• Good Hunter

Until Dawn: OOooo Death.....

Updated: Jan 7, 2019

I can only image how Supermassive games pitched the idea of Until Dawn. I can’t help but feel that it went along the lines of the devs talking to the Sony Executives about creating a interactive movie paying homage to slashers like Friday the 13th, Scream and films like Saw then giving details on how gameplay is going to look like and what type of budget they would want before turning to a large page that has two words in block capitals on it “CHOICES MATTER!!” The Sony Executives then eye the page for a little bit with their beady eyes before proclaiming “Genius! No other game has ever done that before!” Then Supermassive get their funding and Until Dawn is created.

(Taken from Playstation)

The game starts with a group of Teenagers pulling a prank on one of their friends which goes terribly wrong, as they always do. Then one year later and two missing friends later the same group of eight go back to the same snowed in lodge to remember the lost friends, little do they know that someone is lurking out in the snow planning to do horrible things to them. Until Dawn is one hell of a thrill ride, it pays great homage to the films that inspired it and builds upon it. All the characters start off as the generic slasher movie tropes but gain depth as the game progresses making the player actually give a damn if they survive the night. The motion capture and acting are all fantastic, they make this game and I would be surprised if all these young actors do not go onto more projects as they deserve it. The writing is knowingly cheesy but is able to pull off the more serious moment’s very well, the homage and love for slashers and gore fests of the 80s, 90s and early 2000s is worn proudly on the game’s sleeve and has fun with the common tropes. I sadly cannot give examples due to the spoiler heavy nature of the game. You will have to take my word for it.

(Taken from Playstation)

In regards of conventional gameplay there is not much, when you are not being chased in scripted quick time events you will spend most of the time making the teenager wonder through an exploring environment and reading documents, it is a few steps above a walking simulator but it is engaging none the less as at a moment’s notice you could suddenly be thrown into a life or death situation where the wrong button press could bring someone to a very bad end. The QTEs themselves are not really annoying as they carry the weight of possible death and they juxtapose the walking and exploring part nicely Sometimes you will have to use to controller in a way that might be too gimmicky in a lesser game such as moving the controller from side to side to open a door or shut one or even not move the controller at all while a foe tries to find you, however the gimmicky nature somewhat works in adding tension, staying still while a monster looks for you is surprisingly clever, keeping still can be unexpectedly hard if you are holding it or placing it on a surface and accidentally nudged to ruinous consequences . There are some minor puzzles involved that boil down to having to get X to give to Y in the hopes of X helping you out at a later point in the game. They are not entirely important to continue but they can help getting everyone to the end of the game alive due to that Butterfly effect mechanic.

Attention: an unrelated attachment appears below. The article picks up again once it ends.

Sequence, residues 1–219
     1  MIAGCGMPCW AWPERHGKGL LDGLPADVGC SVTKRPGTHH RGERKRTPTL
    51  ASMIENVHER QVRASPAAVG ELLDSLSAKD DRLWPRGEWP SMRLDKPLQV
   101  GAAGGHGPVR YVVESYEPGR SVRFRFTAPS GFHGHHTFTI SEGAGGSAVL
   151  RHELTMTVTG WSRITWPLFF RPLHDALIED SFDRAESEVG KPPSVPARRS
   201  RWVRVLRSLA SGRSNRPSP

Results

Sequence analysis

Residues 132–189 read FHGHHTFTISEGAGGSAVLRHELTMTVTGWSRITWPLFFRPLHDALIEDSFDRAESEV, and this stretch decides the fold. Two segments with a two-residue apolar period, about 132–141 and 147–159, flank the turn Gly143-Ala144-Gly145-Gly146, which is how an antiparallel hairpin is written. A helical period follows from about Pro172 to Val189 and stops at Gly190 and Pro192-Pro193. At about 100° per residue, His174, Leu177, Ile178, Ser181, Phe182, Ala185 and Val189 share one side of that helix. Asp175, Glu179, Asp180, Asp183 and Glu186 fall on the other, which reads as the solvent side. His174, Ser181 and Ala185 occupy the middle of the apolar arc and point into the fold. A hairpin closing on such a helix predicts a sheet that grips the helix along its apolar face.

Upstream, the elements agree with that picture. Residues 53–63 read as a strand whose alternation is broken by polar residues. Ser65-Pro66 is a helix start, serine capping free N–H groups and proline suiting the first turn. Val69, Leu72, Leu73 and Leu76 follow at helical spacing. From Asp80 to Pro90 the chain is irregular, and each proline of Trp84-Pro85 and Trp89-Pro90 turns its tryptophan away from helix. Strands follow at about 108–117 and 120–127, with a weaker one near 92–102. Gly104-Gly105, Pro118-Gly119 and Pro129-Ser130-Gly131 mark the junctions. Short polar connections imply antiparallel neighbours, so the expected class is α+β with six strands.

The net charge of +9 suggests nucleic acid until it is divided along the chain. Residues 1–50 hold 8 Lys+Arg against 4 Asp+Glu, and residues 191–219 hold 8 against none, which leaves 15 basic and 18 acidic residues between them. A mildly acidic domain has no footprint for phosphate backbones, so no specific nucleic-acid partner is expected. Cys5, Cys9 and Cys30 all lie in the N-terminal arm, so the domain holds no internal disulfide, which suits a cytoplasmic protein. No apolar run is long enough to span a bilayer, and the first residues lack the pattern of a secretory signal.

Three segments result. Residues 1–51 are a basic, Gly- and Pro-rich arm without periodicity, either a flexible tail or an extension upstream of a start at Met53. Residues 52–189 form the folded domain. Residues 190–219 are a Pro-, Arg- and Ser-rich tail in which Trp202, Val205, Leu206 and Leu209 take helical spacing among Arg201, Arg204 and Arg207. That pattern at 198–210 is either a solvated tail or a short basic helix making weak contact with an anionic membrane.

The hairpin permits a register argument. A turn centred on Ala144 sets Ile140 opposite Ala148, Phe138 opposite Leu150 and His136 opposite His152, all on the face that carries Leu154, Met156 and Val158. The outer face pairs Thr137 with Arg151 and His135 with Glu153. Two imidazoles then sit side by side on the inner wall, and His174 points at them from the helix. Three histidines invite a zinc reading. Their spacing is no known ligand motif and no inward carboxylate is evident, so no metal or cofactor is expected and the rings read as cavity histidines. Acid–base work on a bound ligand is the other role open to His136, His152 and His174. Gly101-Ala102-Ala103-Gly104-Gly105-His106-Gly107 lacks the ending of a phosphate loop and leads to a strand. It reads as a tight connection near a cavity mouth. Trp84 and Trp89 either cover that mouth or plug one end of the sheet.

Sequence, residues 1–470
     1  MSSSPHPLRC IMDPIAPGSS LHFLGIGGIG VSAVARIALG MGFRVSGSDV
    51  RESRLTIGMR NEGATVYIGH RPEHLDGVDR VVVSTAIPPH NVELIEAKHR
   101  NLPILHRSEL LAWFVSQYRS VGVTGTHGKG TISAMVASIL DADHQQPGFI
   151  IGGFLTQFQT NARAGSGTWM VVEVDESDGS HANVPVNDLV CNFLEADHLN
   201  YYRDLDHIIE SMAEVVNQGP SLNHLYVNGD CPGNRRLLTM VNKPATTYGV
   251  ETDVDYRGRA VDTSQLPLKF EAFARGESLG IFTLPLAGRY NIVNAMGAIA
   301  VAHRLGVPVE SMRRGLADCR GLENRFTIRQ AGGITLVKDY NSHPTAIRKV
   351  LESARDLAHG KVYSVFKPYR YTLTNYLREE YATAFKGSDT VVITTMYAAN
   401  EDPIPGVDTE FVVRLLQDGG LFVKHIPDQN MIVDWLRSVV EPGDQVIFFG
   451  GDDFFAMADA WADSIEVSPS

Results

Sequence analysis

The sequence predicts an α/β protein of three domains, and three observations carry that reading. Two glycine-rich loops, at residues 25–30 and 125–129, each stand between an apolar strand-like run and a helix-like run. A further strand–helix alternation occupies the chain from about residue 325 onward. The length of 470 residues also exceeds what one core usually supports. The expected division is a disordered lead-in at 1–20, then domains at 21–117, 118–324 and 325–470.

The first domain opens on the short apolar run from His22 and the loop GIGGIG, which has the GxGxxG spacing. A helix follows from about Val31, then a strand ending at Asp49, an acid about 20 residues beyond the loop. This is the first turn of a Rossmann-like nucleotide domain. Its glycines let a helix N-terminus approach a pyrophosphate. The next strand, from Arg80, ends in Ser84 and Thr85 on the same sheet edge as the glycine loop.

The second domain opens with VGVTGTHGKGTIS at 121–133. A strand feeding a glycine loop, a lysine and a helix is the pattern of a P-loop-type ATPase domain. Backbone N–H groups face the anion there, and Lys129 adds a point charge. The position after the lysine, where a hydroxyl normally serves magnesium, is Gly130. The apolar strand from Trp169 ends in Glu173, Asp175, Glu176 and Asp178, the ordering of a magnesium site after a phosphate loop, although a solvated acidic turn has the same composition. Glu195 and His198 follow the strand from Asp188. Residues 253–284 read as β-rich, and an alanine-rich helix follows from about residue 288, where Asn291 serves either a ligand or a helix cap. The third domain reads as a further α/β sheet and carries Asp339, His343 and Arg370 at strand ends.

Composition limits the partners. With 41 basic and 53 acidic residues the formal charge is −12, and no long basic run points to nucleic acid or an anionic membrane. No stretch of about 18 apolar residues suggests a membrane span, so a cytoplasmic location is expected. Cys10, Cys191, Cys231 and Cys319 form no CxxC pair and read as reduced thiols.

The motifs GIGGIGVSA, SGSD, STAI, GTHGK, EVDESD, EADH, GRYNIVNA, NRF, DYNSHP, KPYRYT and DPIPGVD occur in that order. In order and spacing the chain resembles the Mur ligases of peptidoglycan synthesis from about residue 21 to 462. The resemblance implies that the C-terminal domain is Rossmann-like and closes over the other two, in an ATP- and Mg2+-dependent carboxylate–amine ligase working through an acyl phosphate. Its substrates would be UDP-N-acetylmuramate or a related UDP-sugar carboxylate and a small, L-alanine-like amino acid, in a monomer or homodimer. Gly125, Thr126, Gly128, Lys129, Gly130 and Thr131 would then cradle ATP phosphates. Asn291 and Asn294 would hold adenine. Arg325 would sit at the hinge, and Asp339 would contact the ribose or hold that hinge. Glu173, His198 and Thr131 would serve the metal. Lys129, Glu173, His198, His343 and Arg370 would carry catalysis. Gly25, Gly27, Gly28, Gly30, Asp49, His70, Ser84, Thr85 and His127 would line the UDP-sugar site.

(Taken from Playstation)

Speaking of that...

To say that Until Dawn is proud of the Butterfly effect mechanic would be an understatement, it is so in love with the idea that actions have consequences that it boasts about it on the back cover of the box and at the start of the game and twice in the game. It is all so blunt and self congratulating yet endearing as it has a distinct lack of pretentiousness to the mechanic. There is also truth to what the game tells you as sometimes the smallest mistake can get one of the eight protagonists killed further down the line. The Butterfly effect, while not the most original thing to exist in a game (Undertale and early Bioware games have choices that affect the game, Bioware games to a lesser extent then Undertale.) It still provides a good amount of tension and replayability. It also does alter the game in interesting ways, I have played it twice so far (I intend to do more) and the story noticeably changed based on my decisions, for all the jokes I make at Supermassive and the marketing the Butterfly effect is a damn fine mechanic and is executed really well.

(Taken from Playstation)

Now, about that framerate....

For a Console exclusive, a game that wants to persuade consumers to buy a PS4 as well as show off the hardware’s capabilities it does do a very poor job of it. Every time there are more than two people in the same room at any given time the framerate tanks badly to what I could estimate to be 20 FPS or lower at certain parts of the game. At its best it is at a stable 30 FPS, that is not to say the game is not beautiful, it is but the inconsistent framerate really hurt the game as a system seller and it’s chances of being placed in my Hall of Fame because it is really distracting.

(Taken from Playstation)

Until Dawn is a Quantic Dream game that is well written and well acted. It is a short tense fun ride though hell where you are always hoping that you did the right thing and cringe when one of the Teenagers dies a needlessly grisly death.

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